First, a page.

What is the basic difference between Radar Screen, PC CRT Monitor, and, Oscilloscope displays?

All of them use CRT. So, what is the difference?

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    $\begingroup$ I think you're going to have to ask this on a site about electrical engineering... $\endgroup$ – glampert Oct 16 '15 at 1:48
  • $\begingroup$ Agree with glampert but, assuming all are monochromatic, it's probably just the electronics which control the voltage patterns that, in turn drive the electromagnets (or charged plates??) that deflect the electron beam in order to sweep it across the display phosphor. $\endgroup$ – Simon F Oct 16 '15 at 6:40
  • $\begingroup$ Please not that cathode ray tubes are at the brink of being discontinued as technology. Only very very special uses even can get hold of these things. Even oscilloscopes are using LCD monitors by now. Ancient tech. $\endgroup$ – joojaa Oct 16 '15 at 16:03

At many places in CG hardwares and algorithms you have the choice between vector description and raster description. Oscilloscops, radar, lasers shows, plotting tables, laser cuts directly follow lines and curves; these are the vectorials devices. LCD, inkjet and laser printers, stereolithographic 3D printing, follow pixels and voxels; these are the raster devices. The CRT, but also some laser shows, use the oscilloscope technology to implement raster: the "curve" is a repeated Z narrowly sweeping the screen line after line, with intensity modulation making the "pixels". Radars are indeed between this and pure vectors since rotation angle is swept. Details about various forms of radar display and oscilloscope is available on the wikipedia page.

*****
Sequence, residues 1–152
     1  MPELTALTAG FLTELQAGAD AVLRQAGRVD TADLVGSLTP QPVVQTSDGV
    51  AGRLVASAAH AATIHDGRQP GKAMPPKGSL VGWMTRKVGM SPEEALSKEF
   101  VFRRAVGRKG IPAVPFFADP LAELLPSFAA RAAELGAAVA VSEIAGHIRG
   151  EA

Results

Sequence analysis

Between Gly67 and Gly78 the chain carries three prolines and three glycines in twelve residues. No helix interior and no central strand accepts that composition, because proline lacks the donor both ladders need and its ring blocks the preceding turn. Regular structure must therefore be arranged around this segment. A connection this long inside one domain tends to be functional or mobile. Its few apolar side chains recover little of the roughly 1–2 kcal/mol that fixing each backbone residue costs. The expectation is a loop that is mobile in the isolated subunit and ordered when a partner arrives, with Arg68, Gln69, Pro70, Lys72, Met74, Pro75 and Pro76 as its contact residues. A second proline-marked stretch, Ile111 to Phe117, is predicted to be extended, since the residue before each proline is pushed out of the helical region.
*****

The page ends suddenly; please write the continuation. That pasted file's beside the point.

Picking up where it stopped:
( About representations, the vector/raster dichotomy corresponds to inkscape/illustrator vs gimp/photoshop, 3D meshes vs 3D voxels, list of lobes vs angular or SH decomposition, Lagrangian animation vs Eulerian animation, etc. )

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